I'm enchanted bythe narrative of The Unicorn Tapestries displayed at The Cloisters, the branch of the Metropolitan Museum of Art devoted to the art and architecture of medieval Europe.
I plan to frame and display it in a future "master" bedroom.
The reason, you ask?
Read this from the museum's description:
"In this instance, the unicorn probably represents the beloved tamed. He is tethered to a tree and constrained by a fence, but the chain is not secure and the fence is low enough to leap over. The unicorn could escape if he wished but clearly his confinement is a happy one, to which the ripe, seed-laden pomegranates in the tree—a medieval symbol of fertility and marriage—testify. The red stains on his flank do not appear to be blood, as there are no visible wounds like those in the hunting series; rather, they represent juice dripping from the bursting pomegranates above. Many of the other plants represented here, such as wild orchid, bistort, and thistle, echo this theme of marriage and procreation: they were acclaimed in the Middle Ages as fertility aids for both men and women..."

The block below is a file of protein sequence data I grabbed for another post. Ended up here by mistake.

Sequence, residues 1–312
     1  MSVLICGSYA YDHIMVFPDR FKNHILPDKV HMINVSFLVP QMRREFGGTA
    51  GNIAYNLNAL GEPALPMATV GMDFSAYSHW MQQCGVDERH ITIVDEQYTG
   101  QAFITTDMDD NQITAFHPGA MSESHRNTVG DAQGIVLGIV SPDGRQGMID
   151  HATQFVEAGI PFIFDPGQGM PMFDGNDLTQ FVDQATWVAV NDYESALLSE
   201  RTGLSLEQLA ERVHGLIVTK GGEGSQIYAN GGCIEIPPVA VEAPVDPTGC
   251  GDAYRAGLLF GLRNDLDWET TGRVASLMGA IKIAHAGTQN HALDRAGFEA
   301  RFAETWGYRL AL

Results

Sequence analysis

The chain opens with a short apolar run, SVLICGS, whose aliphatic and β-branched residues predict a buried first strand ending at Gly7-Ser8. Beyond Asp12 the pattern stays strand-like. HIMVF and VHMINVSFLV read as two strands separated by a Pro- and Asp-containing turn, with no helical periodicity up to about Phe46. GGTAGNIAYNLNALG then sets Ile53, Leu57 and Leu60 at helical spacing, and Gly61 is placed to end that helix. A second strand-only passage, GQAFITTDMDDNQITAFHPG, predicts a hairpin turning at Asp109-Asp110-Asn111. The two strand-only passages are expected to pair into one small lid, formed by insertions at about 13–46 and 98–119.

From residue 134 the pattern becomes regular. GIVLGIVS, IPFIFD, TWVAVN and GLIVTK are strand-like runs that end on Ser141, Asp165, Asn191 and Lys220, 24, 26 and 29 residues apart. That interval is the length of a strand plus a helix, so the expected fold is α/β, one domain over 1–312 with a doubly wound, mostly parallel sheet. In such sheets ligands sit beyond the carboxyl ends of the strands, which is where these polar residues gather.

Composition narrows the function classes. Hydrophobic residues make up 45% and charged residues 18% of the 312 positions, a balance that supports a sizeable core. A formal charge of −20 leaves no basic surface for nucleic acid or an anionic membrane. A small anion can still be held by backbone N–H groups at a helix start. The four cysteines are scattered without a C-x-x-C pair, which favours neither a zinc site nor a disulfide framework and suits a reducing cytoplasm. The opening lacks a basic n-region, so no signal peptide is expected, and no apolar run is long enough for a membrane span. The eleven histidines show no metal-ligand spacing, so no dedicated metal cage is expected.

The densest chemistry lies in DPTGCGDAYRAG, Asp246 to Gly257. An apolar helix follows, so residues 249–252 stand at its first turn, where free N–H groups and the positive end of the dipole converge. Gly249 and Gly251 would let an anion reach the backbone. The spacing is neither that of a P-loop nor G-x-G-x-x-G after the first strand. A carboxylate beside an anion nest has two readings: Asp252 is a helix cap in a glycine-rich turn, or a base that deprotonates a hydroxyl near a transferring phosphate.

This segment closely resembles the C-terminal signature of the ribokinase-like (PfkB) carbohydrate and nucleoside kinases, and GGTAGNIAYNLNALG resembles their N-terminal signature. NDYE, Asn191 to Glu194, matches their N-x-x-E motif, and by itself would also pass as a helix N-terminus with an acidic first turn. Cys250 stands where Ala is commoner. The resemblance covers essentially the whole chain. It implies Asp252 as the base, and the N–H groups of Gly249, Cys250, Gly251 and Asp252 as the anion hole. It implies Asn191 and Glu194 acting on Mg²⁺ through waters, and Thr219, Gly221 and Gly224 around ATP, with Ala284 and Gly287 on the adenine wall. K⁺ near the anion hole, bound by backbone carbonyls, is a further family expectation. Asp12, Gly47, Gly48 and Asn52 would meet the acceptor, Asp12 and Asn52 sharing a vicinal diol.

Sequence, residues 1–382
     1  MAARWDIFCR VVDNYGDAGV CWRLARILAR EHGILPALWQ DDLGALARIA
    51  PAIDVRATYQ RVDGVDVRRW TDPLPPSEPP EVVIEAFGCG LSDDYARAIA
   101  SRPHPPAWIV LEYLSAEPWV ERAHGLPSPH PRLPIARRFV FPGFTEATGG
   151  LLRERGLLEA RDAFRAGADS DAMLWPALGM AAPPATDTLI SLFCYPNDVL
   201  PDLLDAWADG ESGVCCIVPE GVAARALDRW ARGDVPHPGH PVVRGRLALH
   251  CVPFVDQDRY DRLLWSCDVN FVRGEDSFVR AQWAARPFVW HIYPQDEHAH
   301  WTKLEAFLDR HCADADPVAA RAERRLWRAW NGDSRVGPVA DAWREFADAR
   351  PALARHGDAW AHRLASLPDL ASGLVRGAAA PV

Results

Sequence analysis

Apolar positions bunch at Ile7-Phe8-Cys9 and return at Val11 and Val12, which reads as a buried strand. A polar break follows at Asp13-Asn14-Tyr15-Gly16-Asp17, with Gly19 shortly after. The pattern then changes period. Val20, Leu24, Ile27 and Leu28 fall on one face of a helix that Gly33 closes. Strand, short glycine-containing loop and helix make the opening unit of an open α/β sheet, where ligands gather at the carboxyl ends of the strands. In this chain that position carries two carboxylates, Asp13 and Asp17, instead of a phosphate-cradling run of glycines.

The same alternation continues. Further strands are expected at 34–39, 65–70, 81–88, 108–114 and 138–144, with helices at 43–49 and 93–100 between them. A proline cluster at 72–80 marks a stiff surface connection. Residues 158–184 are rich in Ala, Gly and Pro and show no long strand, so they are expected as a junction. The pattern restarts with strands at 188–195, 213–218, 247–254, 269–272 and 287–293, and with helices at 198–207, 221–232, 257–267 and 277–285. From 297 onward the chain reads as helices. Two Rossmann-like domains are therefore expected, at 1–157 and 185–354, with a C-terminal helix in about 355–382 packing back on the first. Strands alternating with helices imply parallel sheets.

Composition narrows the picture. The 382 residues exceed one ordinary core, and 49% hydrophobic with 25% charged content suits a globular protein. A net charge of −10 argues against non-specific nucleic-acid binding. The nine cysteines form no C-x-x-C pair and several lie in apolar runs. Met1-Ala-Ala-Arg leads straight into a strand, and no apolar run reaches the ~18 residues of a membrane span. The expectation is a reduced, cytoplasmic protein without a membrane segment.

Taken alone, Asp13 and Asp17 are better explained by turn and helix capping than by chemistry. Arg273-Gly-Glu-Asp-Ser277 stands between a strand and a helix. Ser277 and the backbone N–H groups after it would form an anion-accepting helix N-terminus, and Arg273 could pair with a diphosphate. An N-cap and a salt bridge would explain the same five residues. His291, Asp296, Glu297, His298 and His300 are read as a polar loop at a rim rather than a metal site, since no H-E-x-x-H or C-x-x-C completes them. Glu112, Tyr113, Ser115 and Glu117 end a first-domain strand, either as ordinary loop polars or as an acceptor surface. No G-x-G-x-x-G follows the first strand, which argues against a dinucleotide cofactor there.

Sorta tender and sweet? Yes.